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HOW TO MARRY A MILLIONAIRE (director: Jean Negulesco; screenwriters: from the play The Greeks Had a Word for It by Zoë Akins, and the play Loco by Dale Eunson and Katherine Albert/Nunnally Johnson; cinematographer: Joe MacDonald; editor: Louis Loeffler; music: Alfred Newman and Cyril J. Mockridge; cast: Betty Grable (Loco Dempsey), Marilyn Monroe (Pola Debevoise), Lauren Bacall (Schatze Page), David Wayne (Freddie Denmark), Rory Calhoun (Eben), Cameron Mitchell (Tom Brookman), Fred Clark (Waldo Brewster), William Powell (J.D. Hanley), Alexander D’Arcy (J. Stewart Merrill), Percy Helton (Real-Estate Agent, Benton); Runtime: 96; MPAA Rating: NR; producer: Nunnally Johnson; 20th Century Fox; 1953)
“The humor is not only flat but outdated.”

Reviewed by Dennis Schwartz

This was the first CinemaScope film ever made but second to be released (The Robe was the first ‘Scope film released). It opens with an eight-minute concert with Alfred Newman conducting the 20th Century Fox studio orchestra in a piece entitled Street Scene, that was designed to promote the new stereo system used. It’s a remake of The Greeks Had a Word for Them (1933-starring Madge Evans, Ina Claire, and Joan Blondell) and a feeble followup to Gentlemen Prefer Blondes, using almost the same tired story, as cynical divorcee Schatze Page (Lauren Bacall) and her two bimbo single girlfriends Pola Debevoise (Marilyn Monroe) and Loco Dempsey(Betty Grable) turn their Manhattan luxury pad into a place to trap rich bachelors. The film seems about exploiting Monroe’s recent celebrity, who happens to be the only reason for seeing this slack rehashed comedy about the familiar golddiggers theme. Also the film made little use of its new toy in filming, as it could have easily been filmed in regular Technicolor and not suffered a bit.

Warning: spoiler to follow in next paragraph.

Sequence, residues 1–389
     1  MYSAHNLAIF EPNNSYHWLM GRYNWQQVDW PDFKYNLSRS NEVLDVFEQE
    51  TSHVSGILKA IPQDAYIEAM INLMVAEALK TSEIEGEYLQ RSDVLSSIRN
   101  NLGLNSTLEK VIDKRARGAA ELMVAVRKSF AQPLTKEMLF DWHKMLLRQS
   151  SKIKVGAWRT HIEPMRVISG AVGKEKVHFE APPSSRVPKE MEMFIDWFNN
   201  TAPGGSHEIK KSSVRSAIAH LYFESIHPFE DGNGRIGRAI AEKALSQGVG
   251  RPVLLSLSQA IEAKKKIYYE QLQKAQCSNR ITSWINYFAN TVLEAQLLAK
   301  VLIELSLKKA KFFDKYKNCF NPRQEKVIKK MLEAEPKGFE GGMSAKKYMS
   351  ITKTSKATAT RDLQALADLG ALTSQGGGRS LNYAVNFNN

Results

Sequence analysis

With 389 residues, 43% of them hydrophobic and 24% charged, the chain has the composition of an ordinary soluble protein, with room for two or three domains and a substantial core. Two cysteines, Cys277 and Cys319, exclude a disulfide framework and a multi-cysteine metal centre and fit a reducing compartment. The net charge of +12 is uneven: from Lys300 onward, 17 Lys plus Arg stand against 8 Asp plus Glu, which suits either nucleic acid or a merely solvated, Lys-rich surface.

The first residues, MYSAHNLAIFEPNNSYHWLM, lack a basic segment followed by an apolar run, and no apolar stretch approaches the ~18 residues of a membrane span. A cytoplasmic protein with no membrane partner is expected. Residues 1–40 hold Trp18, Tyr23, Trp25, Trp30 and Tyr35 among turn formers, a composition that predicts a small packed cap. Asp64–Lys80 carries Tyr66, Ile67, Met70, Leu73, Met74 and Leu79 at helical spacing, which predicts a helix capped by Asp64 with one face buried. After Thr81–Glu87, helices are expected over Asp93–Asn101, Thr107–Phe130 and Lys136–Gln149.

Real-estate agent Benton (Percy Helton) sublets the luxury penthouse apartment of Freddie Denmark (David Wayne) for a year to Lauren Bacall. She’s an embittered recent divorcee, whose phony hubby lied about having money and to the bargain was already married. The cunning Bacall cooks up a scheme for all three model roommates, Marilyn Monroe and Betty Grable, to hook a millionaire by posing as wealthy women. Soon Grable brings home Tom Brookman (Cameron Mitchell), whom she met at the deli-counter of a supermarket and who has paid for the groceries besides carting them home. Bacall rejects him as a nobody, but Brookman who is really a multi-millionaire in real-estate investments, falls for Bacall and tries to date her. Bacall keeps rejecting him because she’s sure he’s the gas station attendant type. Thev short-sighted Marilyn is as blind as a bat without her glasses but refuses to wear them thinking guys would think her ugly. She lands eye-patch wearing J. Stewart Merrill (Alexander D’Arcy), who Bacall spots as a phony posing as an oilman. Marilyn is to meet Stewart’s mother in Atlantic City, but takes the wrong plane and winds up going instead to Kansas City. On the plane she meets her landlord Freddie Denmark, who is just as blind as she is without glasses–except he wears them. Freddie’s in trouble with the income tax man because his accountant stole his money and he is on-the-lam trying to straighten out his tax evasion problem, and through some mysterious romantic moments director Jean Negulesco failed to show on the screen they fall in love and marry off-camera. Grable meets married businessman Waldo Brewster (Fred Clark) , who convinces her to spend the week-end in his country lodge in Maine. She goes there thinking she’s attending an Elks Lodge meeting, and when she realizes her mistake comes down with the measles and has to remain there for a week. After recovery, she goes skiing and falls in love with the handsome but modest-income forest ranger Eben (Rory Calhoun) and quickly marries him–proving she’s no gold-digger. The 26-year-old Bacall is poised to marry the 56-year-old nice guy Texas cattleman J.D. Hanley (William Powell), whom she met through Grable’s pickup of him in the fur department of Bergdorf-Goodman’s swank department store, but jilts him at the altar to marry Brookman for love while still thinking he’s poor (we’re expected to swallow she never got around to asking him what he did).

Watching “Millionaire” at this late date, the humor is not only flat but outdated. The men in the gals’ life all seem bland, just like the film. And for the scheming ladies, the Greeks certainly had a word for it as did the feminists and some alimony stuck men.


Dennis Schwartz: “Ozus’ World Movie Reviews”